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Schwemm
Posts: 1
Registered: ‎05-31-2007
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Huck as a white slave

I'm a little late to the party with this, but some rambling and random things about Huck Finn:

1. As far as the veneer/Huck's relation to society. I think that Twain presents Huck as a sort of Hester Prynne character: since Huck isn't completely "sivilized" he also isn't completely racist. Since Hester is an outcast she's able to do and think things that other women can't.

However, Huck still shows vestiges of his racist upbringing and society's influence: "I knowed he was white inside" when Jim decides to help Tom after Tom has been shot . . . Huck being surprised that Jim loves his family like white people do . . . Huck's assertion that you can't learn a slave to argue . . . etc etc. Despite this, Huck still helps Jim and befriends him on a significant level. I think that what's significant is how the mob mentality plays into this. Twain shows the mob time and again (Boggs, the Royal Nunsuch, escaping from the Wilkes episode when the crowd rushes to see the gold) and on many levels, slavery (and Huck's acceptance of it) reflects the way the mob mentality is very responsible for societal beliefs. In many ways, Huck is part of the mob (racist, doesn't ever completely reject slavery) and at odds with it ("alright, then, I'll go to Hell," and his constant worry about what people will think if they discover that he's helping Jim escape). I also think that Twain lumps religion into this mob mentality, but that's a whole other topic.


2. I wonder if we can see Huck as a sort of white slave. As a homeless, outcast, orphan-son-of-the-town-drunk, his status isn't much higher than Jim's. (In Tom Sawyer he actually confesses to sitting down and eating with the slaves but implores Tom not to tell). Granted, he is adopted, but I still think that he's thought of as a sort of sub-class. Several things make Huck seem like a white slave:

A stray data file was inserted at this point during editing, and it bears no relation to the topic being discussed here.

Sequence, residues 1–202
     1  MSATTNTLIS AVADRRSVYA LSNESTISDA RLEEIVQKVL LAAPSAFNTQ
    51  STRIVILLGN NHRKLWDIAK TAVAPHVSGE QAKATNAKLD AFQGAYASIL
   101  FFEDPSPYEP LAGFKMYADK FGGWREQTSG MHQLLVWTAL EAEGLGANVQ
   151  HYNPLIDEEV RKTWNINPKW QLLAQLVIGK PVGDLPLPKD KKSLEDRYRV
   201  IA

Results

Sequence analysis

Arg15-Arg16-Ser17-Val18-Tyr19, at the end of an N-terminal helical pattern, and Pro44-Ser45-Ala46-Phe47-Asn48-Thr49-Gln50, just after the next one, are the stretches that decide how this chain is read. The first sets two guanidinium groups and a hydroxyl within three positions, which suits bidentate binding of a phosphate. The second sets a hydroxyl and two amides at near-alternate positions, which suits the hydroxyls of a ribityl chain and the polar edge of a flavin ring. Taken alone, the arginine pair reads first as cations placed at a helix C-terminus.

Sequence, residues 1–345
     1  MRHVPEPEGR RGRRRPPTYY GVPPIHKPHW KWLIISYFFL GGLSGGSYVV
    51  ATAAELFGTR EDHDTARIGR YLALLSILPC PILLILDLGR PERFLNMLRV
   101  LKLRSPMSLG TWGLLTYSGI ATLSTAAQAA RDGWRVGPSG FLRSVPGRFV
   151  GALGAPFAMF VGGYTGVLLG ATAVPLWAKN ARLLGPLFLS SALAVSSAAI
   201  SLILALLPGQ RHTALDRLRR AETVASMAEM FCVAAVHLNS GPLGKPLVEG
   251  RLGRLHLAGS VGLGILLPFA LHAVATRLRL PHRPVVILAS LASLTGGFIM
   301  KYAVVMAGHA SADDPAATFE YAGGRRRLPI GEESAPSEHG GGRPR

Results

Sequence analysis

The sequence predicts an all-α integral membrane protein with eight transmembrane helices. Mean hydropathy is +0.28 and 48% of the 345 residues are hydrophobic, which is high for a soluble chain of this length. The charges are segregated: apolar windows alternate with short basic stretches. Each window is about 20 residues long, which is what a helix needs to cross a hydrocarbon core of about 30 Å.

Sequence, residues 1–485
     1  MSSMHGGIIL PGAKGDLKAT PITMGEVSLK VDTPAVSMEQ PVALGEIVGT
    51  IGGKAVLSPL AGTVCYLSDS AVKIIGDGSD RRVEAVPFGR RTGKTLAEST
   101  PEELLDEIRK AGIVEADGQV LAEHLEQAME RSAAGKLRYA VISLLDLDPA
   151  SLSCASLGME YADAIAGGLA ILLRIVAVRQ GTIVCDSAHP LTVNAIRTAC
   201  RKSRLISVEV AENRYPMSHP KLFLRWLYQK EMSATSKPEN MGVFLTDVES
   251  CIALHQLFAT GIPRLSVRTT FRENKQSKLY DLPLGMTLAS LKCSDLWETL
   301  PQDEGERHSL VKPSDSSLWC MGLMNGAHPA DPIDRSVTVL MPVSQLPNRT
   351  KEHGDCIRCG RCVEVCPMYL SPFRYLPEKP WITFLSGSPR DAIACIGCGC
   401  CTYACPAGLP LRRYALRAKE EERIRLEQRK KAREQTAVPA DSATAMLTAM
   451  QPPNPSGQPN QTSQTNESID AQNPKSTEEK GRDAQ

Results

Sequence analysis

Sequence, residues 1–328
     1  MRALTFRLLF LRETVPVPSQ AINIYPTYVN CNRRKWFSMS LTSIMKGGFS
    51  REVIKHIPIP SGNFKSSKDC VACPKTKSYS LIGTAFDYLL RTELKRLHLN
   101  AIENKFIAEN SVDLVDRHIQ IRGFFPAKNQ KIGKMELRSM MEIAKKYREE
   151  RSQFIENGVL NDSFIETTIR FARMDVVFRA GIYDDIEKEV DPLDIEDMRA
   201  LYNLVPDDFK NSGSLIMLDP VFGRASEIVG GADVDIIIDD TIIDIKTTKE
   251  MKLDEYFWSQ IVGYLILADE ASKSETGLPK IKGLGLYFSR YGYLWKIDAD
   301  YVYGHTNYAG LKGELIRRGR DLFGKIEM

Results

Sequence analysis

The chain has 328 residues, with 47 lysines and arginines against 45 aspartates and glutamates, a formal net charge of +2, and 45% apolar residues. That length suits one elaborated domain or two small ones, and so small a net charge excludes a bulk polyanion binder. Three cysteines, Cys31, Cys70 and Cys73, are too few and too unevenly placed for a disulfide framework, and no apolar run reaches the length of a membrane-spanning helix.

A. Pap's claim that Huck should live with him when he goes to the courts centers on property rights. Huck is Pap's property and therefore should reside (and his money too!) with Pap.

B. Mrs. Loftus thinks that Huck is a runaway apprentice. If memory serves, an apprenticeship in these times, while not perfectly analogous, was a sort of slavery, or at least an indentured servitude. I love how Mrs Loftus is willing to help the white slave (Huck), but not the black slave.

C. This is a weaker point, but At spots in the novel, Jim orders Huck around somewhat like a slave. Something to the effect of "Jim told me to use my saw to cut the fish open." Minor, but interesting.

D. On the Phelps farm, Tom certainly orders Huck around as though he's a servant. In the butter episode Huck says that they can do without the butter and Tom essentialy orders him to get it, not to mention all the other things that Tom orders Huck to do (Huck helps Jim with the gindstone while Tom "superintends")


3. This has been analyzed to death, but Twain's extensive use of the n word is Twain being a realist/regionalist, nothing more, nothing less. He couldn't have been a realist and not used the word--present day racist implications and problems be dammed. When his book was originally rejected it was because of the dialect and "rough content" not the n word. The n word debate is a modern debate that centers on if the novel has a place in schools (obviously, it does, but obviously, I'm biased). What makes Twain's realism (and I think he's a bit more fantastic than most Realists) more apparent is the way that he rejects Tom's Romanticism. Tom's ideas on the Phelps farm are stupid. They come from romantic books that Tom reads (and doesn't completely understand). Therefore, the books that Tom reads are stupid. Twain is doing a lot of things in this novel, one of them is Championing realism and panning Romanticism.
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